Church of San Niccolò al Carmine


Stefano Volpi (Siena from 1594 to 1630 approx.)
Seventeenth century

The painting, now in the counter façade to the left of the main entrance, originally adorned the altar dedicated to The Crucifix and Saint Martha. The image represents Christ’s Crucifixion although the body of Jesus is not on the cross. In the chapel there is news of a wooden crucifix hanging over the painting which was later moved to another church. A skull, identified as Adam’s, is at the foot of the cross to relate the original sin with the redemption wrought by Christ for all, and also with the Calvary, the site where executions were performed (Golgotha ​​means skull). The Pious Women with Mary, who faints for the immense grief in the arms of Mary Magdalene and Mary of Cleophas are to the left side of the cross, while Saint John the Evangelist and a Carmelite bishop, possibly Saint Andrew Corsini, stand on the right.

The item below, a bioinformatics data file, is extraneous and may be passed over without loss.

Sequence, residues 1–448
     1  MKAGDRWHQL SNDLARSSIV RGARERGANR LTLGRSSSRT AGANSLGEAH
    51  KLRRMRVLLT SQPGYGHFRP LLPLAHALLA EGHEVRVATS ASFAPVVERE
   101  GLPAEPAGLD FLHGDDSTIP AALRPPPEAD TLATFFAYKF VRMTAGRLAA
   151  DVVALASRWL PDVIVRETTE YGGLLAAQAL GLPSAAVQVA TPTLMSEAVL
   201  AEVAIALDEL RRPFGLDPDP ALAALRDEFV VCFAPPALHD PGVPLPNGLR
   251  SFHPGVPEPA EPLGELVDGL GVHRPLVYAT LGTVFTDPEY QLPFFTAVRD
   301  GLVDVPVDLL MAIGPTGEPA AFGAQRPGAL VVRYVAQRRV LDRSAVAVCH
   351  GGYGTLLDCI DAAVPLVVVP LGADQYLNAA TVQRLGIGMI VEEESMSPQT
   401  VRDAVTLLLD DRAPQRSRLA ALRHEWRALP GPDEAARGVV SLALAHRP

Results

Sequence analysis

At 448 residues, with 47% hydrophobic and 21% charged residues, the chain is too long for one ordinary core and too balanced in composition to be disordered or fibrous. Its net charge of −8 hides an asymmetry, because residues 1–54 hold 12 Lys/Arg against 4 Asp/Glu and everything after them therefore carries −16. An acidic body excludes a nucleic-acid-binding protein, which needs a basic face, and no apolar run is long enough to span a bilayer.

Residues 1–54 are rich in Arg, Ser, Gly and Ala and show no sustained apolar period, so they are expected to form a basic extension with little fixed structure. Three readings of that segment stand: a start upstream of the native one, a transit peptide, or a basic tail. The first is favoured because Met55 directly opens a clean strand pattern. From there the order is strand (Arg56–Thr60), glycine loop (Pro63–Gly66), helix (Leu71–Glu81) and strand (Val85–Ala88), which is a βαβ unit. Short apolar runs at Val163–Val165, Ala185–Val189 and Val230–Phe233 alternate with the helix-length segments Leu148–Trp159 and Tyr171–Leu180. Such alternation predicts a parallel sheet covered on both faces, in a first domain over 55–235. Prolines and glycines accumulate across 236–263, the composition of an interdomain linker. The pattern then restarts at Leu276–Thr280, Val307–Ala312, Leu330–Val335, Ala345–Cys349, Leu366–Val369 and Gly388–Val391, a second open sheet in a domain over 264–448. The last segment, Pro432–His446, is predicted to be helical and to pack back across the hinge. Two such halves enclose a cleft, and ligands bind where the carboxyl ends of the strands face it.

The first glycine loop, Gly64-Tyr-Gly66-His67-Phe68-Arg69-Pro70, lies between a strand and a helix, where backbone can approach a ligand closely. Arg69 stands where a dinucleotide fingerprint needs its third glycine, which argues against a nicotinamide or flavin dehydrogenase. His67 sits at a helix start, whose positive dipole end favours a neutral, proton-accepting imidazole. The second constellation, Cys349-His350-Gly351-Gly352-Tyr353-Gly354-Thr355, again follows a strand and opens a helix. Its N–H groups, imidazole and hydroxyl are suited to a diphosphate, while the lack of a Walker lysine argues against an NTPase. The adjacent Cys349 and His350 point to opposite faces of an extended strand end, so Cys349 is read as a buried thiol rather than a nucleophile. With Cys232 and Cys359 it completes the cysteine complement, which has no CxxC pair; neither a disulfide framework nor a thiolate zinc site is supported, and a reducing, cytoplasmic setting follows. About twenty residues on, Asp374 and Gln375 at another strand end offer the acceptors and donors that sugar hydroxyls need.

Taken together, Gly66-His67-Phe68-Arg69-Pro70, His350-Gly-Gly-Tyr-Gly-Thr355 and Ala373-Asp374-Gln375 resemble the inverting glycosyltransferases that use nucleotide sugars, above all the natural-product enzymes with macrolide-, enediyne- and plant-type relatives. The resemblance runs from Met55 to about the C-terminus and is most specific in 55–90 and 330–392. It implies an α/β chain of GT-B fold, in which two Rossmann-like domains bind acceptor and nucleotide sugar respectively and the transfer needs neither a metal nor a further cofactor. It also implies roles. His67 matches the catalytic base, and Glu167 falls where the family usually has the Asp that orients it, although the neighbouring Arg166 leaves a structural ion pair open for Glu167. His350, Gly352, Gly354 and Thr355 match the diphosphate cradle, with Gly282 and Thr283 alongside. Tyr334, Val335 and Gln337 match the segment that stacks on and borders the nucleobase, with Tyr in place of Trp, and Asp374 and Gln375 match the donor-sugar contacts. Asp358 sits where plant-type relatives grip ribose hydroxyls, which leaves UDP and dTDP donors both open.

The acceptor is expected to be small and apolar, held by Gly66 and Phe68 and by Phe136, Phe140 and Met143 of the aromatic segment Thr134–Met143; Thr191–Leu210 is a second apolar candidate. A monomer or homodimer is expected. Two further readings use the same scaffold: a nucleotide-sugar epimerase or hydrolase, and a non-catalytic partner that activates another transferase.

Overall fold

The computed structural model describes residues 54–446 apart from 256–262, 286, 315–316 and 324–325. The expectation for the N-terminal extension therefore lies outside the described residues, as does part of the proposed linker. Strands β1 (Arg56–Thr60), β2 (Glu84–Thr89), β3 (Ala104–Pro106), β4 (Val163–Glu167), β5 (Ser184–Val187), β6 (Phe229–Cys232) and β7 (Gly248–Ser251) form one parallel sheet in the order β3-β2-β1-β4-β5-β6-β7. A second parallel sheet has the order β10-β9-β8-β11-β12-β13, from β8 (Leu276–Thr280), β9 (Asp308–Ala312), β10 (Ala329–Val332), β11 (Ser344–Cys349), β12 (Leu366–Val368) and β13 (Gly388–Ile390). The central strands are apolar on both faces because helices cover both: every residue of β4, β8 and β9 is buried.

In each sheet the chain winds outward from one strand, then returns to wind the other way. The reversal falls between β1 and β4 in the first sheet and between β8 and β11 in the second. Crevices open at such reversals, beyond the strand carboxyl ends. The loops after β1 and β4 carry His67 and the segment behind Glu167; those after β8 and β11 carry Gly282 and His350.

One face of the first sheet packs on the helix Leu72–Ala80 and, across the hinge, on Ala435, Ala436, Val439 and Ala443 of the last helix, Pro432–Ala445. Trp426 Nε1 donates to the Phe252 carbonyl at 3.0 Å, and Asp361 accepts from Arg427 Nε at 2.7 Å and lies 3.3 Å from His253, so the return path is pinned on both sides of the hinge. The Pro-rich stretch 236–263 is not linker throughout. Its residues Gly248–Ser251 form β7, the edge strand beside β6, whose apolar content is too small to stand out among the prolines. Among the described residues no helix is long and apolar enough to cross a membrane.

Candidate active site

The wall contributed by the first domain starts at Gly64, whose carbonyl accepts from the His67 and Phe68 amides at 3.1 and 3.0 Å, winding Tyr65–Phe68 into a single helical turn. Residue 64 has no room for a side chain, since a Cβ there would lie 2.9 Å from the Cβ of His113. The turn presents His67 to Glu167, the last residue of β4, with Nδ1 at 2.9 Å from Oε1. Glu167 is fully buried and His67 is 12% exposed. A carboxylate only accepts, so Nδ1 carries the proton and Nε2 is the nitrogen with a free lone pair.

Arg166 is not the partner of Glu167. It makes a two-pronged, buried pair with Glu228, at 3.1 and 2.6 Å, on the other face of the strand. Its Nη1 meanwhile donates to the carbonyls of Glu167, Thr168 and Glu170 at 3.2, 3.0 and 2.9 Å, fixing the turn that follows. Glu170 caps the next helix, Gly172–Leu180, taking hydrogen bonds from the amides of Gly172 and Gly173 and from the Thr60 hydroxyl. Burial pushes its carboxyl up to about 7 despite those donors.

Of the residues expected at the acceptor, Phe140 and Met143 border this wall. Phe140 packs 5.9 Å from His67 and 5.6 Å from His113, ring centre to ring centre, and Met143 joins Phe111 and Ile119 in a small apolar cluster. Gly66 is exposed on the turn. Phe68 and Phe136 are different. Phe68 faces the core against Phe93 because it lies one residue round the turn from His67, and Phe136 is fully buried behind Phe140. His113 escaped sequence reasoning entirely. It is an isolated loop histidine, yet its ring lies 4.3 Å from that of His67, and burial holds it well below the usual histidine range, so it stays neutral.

Christ died on the ninth hour - three o'clock in the afternoon - of Good Friday and in that moment an unnatural darkness fell across the Earth, as depicted in the painting.
The predella which used to be under the lower frame is now under Beccafumi’s work. It consists of five panels representing scenes from the life of some Carmelite Saints, Saint Charles Borromeo and, in the centre, Jesus Christ lowered from the cross.